I am now a US citizen. If I can paraphrase your response, my US-tax exempt basis on moving from Canada to US includes employer contributions and crystallized earnings. After moving to US, any Canadian employer contributions to my LIRA are US taxable on withdrawal?

Thank you for your patience.

Cadman
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Post by Cadman » Wed Mar 25, 2009 12:29 pm

Hi nelsona,

After reading these additional posts, I have another question.

I've been a GC holder since 1988 and have 2 separate RRSP's that I'm computing cost basis. Both RRSP's had employer contributions. I had one RRSP when I left Canada for the first time and became a GC holder in 1988. The second RRSP was established when I moved back to Canada in 1998 and worked for 3 years, returning to the US in 2001.

From a cost basis standpoint are these 2 RRSP's treated differently?

Thanks.

nelsona
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Post by nelsona » Wed Mar 25, 2009 1:22 pm

Cadman,

Your tax-free investement in the RRSP held before becoming taxable in US is based on (a) the book value when you first became taxable, plus any non-deductible contributions made since then.

Your second RRSP, funded entirely while you were taxable in US: your tax-free investment is strictly your non-deductible contributions.
Nelsona Non grata. Non pro. Search previous posts. Happy Browsing :D

nelsona
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Post by nelsona » Wed Mar 25, 2009 1:24 pm

rgiustini,

Your RRSP was funded before becoming taxable in US, thus book value on arrival in US is your tax-free portion.
Nelsona Non grata. Non pro. Search previous posts. Happy Browsing :D

Cadman
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Post by Cadman » Wed Mar 25, 2009 1:37 pm

nelsona,

Sorry, but I'm not very good with the terminology. In this context could you explain "book value" and "non-deductible contributions".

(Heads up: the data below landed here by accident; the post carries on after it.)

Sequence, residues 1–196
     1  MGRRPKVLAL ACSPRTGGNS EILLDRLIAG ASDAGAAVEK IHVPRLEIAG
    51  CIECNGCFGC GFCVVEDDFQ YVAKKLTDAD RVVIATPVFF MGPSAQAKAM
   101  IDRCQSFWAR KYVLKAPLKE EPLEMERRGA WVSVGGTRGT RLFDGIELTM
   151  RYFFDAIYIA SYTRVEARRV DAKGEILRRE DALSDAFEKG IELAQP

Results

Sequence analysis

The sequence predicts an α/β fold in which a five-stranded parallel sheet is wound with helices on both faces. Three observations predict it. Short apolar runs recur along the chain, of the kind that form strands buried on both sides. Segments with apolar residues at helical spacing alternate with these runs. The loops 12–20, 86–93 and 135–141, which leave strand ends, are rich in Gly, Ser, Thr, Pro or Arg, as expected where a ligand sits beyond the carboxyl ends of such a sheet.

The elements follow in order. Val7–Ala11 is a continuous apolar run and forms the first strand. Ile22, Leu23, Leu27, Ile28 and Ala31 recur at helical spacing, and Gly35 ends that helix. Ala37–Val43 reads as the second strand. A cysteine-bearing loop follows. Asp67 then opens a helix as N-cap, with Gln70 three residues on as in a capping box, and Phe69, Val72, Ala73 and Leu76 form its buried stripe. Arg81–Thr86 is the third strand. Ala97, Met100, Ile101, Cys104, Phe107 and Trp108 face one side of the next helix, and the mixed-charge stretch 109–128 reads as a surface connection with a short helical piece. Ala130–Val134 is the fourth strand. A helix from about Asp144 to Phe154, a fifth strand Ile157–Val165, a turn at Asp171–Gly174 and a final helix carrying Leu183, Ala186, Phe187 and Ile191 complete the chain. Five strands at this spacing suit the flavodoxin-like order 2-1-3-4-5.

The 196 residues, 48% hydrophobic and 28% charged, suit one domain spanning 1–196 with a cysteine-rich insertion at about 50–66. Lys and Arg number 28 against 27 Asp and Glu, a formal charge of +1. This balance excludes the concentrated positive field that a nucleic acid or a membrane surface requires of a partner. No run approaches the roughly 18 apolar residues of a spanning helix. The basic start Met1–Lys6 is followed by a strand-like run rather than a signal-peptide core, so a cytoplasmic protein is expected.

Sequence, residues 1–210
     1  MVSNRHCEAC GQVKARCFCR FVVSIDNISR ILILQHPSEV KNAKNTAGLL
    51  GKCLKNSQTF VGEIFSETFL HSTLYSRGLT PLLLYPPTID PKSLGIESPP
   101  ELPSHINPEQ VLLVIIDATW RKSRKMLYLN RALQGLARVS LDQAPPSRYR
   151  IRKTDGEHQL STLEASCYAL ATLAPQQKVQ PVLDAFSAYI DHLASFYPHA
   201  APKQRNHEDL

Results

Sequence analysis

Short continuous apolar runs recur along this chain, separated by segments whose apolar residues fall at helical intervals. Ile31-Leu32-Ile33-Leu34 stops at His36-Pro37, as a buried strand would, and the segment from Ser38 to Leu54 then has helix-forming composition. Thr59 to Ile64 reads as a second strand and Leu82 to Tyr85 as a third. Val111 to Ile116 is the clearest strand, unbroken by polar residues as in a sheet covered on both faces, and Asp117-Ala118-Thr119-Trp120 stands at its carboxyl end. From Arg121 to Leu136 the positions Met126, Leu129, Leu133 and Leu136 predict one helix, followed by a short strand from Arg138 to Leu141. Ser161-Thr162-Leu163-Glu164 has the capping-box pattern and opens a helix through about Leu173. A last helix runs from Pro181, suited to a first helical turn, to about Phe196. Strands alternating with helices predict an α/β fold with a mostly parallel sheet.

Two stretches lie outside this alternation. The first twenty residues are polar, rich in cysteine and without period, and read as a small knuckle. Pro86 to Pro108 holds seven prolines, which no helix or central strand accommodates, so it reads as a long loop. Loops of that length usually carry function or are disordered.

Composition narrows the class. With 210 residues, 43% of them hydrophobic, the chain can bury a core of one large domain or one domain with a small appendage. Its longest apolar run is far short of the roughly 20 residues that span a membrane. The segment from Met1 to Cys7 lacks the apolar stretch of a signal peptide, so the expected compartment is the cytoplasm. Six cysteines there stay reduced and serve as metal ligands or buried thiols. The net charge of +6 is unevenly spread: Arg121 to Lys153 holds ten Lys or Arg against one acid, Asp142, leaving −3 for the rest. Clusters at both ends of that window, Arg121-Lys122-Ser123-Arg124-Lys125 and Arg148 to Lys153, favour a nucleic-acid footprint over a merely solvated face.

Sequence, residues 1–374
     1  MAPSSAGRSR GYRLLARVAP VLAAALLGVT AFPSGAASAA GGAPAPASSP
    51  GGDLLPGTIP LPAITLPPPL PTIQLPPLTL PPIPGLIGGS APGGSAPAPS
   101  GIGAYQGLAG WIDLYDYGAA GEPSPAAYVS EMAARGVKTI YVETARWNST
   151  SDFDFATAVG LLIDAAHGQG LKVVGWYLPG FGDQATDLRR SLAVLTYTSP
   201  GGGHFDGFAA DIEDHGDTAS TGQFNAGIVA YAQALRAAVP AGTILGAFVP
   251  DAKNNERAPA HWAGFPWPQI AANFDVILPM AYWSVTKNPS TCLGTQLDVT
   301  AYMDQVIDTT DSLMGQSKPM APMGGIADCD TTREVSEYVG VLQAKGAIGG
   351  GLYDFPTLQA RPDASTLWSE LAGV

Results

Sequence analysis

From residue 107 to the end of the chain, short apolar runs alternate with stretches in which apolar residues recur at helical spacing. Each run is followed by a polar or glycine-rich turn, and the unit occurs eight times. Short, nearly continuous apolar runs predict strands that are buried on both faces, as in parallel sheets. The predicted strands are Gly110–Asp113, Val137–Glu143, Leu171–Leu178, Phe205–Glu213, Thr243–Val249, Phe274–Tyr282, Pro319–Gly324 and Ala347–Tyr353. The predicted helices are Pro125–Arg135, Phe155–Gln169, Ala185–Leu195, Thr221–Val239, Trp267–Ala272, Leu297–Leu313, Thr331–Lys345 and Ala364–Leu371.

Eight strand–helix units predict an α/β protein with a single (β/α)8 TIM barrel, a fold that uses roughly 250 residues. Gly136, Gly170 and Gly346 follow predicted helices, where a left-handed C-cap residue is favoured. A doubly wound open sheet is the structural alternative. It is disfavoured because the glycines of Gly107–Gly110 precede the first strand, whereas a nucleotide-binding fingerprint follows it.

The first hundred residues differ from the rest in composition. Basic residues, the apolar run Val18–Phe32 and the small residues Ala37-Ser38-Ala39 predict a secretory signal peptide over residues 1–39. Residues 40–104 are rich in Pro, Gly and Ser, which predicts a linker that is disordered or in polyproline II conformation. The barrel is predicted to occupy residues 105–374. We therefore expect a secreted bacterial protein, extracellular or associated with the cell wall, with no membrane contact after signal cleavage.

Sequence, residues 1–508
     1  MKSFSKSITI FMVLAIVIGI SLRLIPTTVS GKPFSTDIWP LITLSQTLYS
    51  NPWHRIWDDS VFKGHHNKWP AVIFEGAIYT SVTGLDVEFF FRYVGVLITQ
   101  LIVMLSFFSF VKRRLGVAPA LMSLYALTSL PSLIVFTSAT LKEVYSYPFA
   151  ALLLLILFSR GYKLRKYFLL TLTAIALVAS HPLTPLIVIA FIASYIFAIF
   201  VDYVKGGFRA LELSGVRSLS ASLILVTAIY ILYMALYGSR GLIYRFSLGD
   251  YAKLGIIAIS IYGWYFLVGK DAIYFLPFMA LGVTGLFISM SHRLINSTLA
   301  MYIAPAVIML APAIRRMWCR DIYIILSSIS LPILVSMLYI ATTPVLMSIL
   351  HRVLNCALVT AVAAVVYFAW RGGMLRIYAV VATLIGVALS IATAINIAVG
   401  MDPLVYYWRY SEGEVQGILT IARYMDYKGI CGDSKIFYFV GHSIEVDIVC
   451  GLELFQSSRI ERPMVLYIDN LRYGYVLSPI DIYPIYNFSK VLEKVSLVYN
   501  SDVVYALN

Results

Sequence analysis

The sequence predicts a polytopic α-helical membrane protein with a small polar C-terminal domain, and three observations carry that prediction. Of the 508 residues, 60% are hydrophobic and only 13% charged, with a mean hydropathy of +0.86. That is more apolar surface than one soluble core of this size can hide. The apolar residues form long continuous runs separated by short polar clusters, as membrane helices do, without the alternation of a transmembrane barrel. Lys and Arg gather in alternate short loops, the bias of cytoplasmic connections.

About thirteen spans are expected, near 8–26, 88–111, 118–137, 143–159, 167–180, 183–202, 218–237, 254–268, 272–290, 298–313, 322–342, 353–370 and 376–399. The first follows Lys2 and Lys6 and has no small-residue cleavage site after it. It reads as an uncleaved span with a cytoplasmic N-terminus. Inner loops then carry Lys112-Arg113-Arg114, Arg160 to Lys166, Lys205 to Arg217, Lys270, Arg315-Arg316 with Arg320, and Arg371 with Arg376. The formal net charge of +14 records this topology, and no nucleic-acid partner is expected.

Thanks again.

nelsona
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Post by nelsona » Wed Mar 25, 2009 2:04 pm

Book value is the cost basis of your investments.

For the purposes of RRSP discussion, non-deductible contributions are (a) any that were to any RRSP made by the taxpayer before 2009, and (b) any contributions made by the taxpayer to PERSONAL (non-employer sponsored) RRSPs from 2009 onwards.
Nelsona Non grata. Non pro. Search previous posts. Happy Browsing :D

Cadman
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Post by Cadman » Wed Mar 25, 2009 2:23 pm

Book value on my RRSP before becoming taxable in the US would include my contributions plus my employers contributions plus interest as of the date I became taxable... correct?

nelsona
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Post by nelsona » Wed Mar 25, 2009 2:28 pm

There is no distinction as to what funded the RRSP when you become a US tax resident. Its ONE RRSP with one book value (which, btw, is NOT the market value on that date, its the cost basis on that date -- difference can be big).
Nelsona Non grata. Non pro. Search previous posts. Happy Browsing :D

Cadman
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Post by Cadman » Wed Mar 25, 2009 2:37 pm

Then, in my layman terms, does that mean that the interest earned is NOT included in this cost basis?

nelsona
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Post by nelsona » Wed Mar 25, 2009 2:48 pm

Yes it is.

Are you familiar with how cost basis is determined?
Nelsona Non grata. Non pro. Search previous posts. Happy Browsing :D